Due to the difficulty in making enough money to pay others in the RPG market, and the ease of entry, most small publishers (me included frankly, although I am working on it) don’t have a huge degree of professionalism, for areas outside the actual development and publishing of material – basically, areas outside those related to actually creating the text, or perhaps images. Better research and tracking, writing better copy on sites and improved marketing could all help boost sales. Should you lack skills in any area, consider teaming up with someone who has them, if they are interested. There are also some publishers – Fat Goblin Games is one example, with their ‘Imprints’ – who publish the work of other publishers through their own company, with the smaller publisher benefiting from the larger one’s customer base and expertise. What is expected from such a relationship by each party is no doubt variable.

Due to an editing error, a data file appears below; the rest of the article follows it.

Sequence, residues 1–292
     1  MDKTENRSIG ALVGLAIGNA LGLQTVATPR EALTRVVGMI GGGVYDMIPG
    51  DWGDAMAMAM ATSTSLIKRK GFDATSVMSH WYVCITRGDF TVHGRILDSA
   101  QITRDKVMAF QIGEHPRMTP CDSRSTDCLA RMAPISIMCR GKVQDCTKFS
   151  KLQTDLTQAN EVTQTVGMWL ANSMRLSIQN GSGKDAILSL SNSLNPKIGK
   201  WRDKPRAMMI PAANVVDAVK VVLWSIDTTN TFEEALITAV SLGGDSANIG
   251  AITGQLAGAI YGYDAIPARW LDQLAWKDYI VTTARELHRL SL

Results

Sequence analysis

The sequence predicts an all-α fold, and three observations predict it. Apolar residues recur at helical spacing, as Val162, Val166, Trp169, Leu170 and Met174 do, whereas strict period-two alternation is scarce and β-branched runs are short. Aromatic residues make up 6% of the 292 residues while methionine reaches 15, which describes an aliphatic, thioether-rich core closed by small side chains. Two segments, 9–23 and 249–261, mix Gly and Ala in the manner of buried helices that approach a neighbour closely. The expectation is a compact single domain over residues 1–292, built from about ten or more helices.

Setting the Price
Price is a tricky one. There is a temptation – which I fell into – of undercutting the competition, but in the long run, this really doesn’t help anyone. OneBookShelf (OBS) tend to say don’t sell for under $1 (although $0.99 can help sales and makes little realistic difference). If the supplement includes artwork, especially artwork which you are unlikely to be able to reuse but costs money to buy, this can mean that a higher selling price is necessary.
OneBookShelf also allows for Pay What You Want supplements, where the purchaser chooses what price they think the supplement is worth. I prefer doing this to out and out free. Naturally, the price most choose is nothing, but some may come back and then pay more than you would have priced the supplement for. Plus, these customers may also be added to your mailing list, a potential future source of income.
Some publishers offer most, or all, of their material for free. Often, this is because they have a Patreon campaign that generates the money in another way.
Where to Actually Sell